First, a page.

"In the interpretation of this passage, I am compelled to differ from most expositors of the Apocalypse. Bishop Newton and Mr. Faber both apply the vision of the Lamb with the one-hundred and forty-four thousand, to the state of the true Church during the reign of the Beast...They therefore consider this mystical number of one-hundred and forty-four thousand, as continuing to represent the true Church from the times of Constantine to the dawn of the Millennium...the state of these followers of the Lamb, does not at all agree with the condition of the Church during the reign of the Beast...According to the system of most writers whose works I have had access to, it does not appear what becomes of the Church after she returns from her secret retreat in the wilderness, till she is exhibited to us in the nineteenth chapter, as having made herself ready for the bridal ceremony......it may be proper, before I close the subject, to take a short view of those great events, which the prophecies both of the Old and New Testament lead us to expect...The first of these is the conversion and restoration of the Jews...their restoration is to happen during a time of trouble, such as there never was since there was a nation...The number of the elect 144,000, who are sealed, for preservation from the last awful calamities, will have been completed, by means of that final preaching of the Gospel...the elect of God shall be gathered from the four winds of heaven to the Marriage Supper of the Lamb, and the final judgments shall be let loose against those nations which have named the name of Christ, but have not departed from iniquity....A question will here naturally suggest itself to the mind of the reader. What is to become of the righteous in the awful period described in the foregoing prophecies? Now, the answer to this inquiry has been given, in considering the seventh chapter of the Apocalypse...This tribulation is manifestly that of the closing period of the earthquake and vials; and we are thus assured, that the righteous are to be preserved during the final display of divine wrath...a call is given to the righteous to the Marriage Supper of the Lamb...These considerations ought surely to awaken the Christian to pray more earnestly for his country, and to quicken his diligence, that he may individually be accounted worthy to ESCAPE the approaching wrath, and to stand before the Son of Man...Our Lord Himself has emphatically assured us, 'behold I come as a thief...' from these words we may certainly conclude, that He will come at a time, when few even of his own people expect it...No human power or wisdom can avert the terrific events which are approaching. But if, through faith in our Lord and Saviour Jesus Christ, we wash our robes, and make them white in the Blood of the Lamb, then we shall individually be numbered with that great multitude, who shall come out of the great tribulation..."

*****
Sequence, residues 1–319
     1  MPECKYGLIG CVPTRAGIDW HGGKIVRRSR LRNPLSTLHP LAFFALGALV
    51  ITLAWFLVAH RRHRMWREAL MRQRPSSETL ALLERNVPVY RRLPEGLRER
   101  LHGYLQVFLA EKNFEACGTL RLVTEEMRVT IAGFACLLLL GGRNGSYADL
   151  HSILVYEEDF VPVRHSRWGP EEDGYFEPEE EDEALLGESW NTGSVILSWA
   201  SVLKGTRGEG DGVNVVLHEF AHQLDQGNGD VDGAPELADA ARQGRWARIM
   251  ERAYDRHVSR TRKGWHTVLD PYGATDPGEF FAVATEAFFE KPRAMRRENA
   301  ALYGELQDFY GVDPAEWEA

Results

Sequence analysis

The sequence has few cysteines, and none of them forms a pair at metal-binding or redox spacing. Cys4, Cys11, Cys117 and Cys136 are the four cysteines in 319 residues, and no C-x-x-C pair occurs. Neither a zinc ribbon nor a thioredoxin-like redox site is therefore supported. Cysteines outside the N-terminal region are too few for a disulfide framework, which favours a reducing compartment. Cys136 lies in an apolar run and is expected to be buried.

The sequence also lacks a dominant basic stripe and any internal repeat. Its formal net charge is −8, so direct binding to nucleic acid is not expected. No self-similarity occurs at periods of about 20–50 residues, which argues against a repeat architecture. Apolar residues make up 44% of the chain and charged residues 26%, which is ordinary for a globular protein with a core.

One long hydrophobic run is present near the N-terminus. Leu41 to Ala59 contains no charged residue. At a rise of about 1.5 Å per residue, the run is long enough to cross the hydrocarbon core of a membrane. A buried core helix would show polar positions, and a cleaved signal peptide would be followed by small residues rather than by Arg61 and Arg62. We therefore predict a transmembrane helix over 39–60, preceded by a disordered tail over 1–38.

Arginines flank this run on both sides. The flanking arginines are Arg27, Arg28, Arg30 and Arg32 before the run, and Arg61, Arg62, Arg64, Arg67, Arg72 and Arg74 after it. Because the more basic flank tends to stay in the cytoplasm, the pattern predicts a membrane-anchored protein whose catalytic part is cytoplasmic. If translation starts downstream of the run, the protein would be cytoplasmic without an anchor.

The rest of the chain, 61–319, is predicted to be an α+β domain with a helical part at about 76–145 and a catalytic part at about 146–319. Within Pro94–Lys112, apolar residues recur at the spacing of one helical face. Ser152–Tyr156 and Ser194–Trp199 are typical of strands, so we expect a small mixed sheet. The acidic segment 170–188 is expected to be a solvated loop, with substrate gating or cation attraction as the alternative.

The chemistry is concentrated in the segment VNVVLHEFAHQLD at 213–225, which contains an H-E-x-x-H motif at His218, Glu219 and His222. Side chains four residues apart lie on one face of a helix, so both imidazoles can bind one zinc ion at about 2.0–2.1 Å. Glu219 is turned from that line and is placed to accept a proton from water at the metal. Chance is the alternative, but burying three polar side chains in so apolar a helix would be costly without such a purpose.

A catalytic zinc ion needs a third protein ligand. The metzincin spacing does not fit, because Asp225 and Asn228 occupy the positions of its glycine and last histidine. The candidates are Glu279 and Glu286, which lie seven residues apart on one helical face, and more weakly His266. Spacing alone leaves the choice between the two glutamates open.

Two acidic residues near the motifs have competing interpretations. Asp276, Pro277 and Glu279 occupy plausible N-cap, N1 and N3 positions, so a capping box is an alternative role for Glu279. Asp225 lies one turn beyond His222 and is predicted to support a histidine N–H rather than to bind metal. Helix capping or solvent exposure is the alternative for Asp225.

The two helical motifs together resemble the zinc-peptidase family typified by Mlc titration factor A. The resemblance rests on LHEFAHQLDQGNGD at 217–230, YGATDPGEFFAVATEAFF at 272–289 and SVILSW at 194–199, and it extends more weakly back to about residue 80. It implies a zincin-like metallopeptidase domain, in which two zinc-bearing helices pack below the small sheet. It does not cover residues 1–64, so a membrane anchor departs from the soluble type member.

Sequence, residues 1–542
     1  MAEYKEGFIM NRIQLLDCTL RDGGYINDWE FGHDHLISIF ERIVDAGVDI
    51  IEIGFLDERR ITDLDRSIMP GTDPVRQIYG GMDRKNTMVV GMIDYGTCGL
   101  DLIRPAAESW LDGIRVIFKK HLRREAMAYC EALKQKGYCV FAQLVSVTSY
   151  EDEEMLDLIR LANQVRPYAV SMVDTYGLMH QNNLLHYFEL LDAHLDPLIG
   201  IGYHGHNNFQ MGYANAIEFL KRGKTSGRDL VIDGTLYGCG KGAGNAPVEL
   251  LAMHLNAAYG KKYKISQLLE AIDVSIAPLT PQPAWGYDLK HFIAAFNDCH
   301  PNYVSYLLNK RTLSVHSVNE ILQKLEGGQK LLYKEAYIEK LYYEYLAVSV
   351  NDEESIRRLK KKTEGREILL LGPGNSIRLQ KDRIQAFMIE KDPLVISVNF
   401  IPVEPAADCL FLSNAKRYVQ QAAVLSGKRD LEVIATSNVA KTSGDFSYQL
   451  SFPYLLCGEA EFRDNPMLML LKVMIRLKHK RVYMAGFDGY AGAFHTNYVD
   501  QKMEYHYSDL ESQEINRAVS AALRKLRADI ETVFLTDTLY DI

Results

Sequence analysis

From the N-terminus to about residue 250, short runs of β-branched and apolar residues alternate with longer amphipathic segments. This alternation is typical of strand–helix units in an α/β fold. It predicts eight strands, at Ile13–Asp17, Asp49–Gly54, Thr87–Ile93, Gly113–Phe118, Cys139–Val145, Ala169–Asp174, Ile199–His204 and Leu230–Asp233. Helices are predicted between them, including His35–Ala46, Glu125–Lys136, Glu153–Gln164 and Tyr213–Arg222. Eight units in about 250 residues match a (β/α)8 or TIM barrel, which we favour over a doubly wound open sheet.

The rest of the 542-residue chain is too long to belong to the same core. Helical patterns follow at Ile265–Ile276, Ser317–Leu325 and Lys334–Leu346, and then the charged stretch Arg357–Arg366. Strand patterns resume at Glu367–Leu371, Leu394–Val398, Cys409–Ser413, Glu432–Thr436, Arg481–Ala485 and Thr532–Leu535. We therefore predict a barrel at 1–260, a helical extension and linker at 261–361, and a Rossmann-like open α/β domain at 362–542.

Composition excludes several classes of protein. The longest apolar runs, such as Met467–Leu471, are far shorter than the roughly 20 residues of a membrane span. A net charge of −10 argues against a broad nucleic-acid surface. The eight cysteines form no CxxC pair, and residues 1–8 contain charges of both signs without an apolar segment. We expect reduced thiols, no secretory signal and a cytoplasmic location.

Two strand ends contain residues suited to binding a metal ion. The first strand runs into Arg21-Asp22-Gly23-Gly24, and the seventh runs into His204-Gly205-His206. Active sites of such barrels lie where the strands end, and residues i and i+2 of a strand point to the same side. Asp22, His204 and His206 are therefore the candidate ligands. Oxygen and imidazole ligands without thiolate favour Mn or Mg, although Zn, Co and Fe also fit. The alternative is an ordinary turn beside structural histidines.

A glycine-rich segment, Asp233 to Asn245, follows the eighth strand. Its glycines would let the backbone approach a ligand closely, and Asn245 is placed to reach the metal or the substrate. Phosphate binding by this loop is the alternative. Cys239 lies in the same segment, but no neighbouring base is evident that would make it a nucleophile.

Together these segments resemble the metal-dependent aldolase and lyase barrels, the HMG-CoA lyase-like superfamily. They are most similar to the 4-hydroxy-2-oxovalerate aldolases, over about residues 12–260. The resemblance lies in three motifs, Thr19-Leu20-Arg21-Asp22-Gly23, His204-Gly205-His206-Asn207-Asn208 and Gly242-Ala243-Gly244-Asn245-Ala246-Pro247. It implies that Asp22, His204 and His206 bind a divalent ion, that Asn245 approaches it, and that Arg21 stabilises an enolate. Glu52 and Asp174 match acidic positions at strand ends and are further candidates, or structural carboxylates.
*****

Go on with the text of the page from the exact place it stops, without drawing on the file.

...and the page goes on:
("A Dissertation on the Seals and Trumpets of the Apocalypse," 1817, pp.273-275, 290, 334, 340, 347, 354)

Before reading the next excerpt from Cuninghame, it might be helpful to read over these words in 1813 one more time! All of the elements of the two-stage coming and pre-trib rapture are beginning to come to fruition in 1813-1817 (years before the Irvingite manifestations or McDonald).

In the following years, Cuninghame built upon his own views and developed a clear two-stage coming of the Lord. Cuninghame would quote Joseph Mede and some early Jewish writings as earlier sources of the Bible's pre-trib rapture teaching. He would also become more clear about what happens to the ready saints during the time of trouble. They would be "translated"!:

"There is a double gathering of his saints unto our Lord, during his abode in the air; first of the 144,000 sealed ones, and secondly, the white-robed palm-bearers (Rev.vii.9-17). The former is at the first moment of the Advent, and the last at a later period...There are two events selected by our Lord himself, as the special types of His Advent, and the state of the world in that day...it is manifest that the Coming of the Lord is to find the world in a state of peace...the ten virgins...are all...found slumbering and sleeping...as soon as the Lord comes and takes to himself the Wise Virgins, the torrent of calamity which is to destroy the prophetic earth shall immediately thereafter break forth...But I remark that there is another class of passages, which no less certainly indicates that his coming shall be in a season of shaking and alarm and fear..." (1836 -perhaps a later edition)

From The Kingdom Alert, #117 (6-9-01)
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Pastor Joey Faust
pastor @ kingdombaptist.org

Kingdom Baptist Church
700 Cordes Dr., Venus, Texas, 76084
Cell: 469-658-6046
http://www.KingdomBaptist.org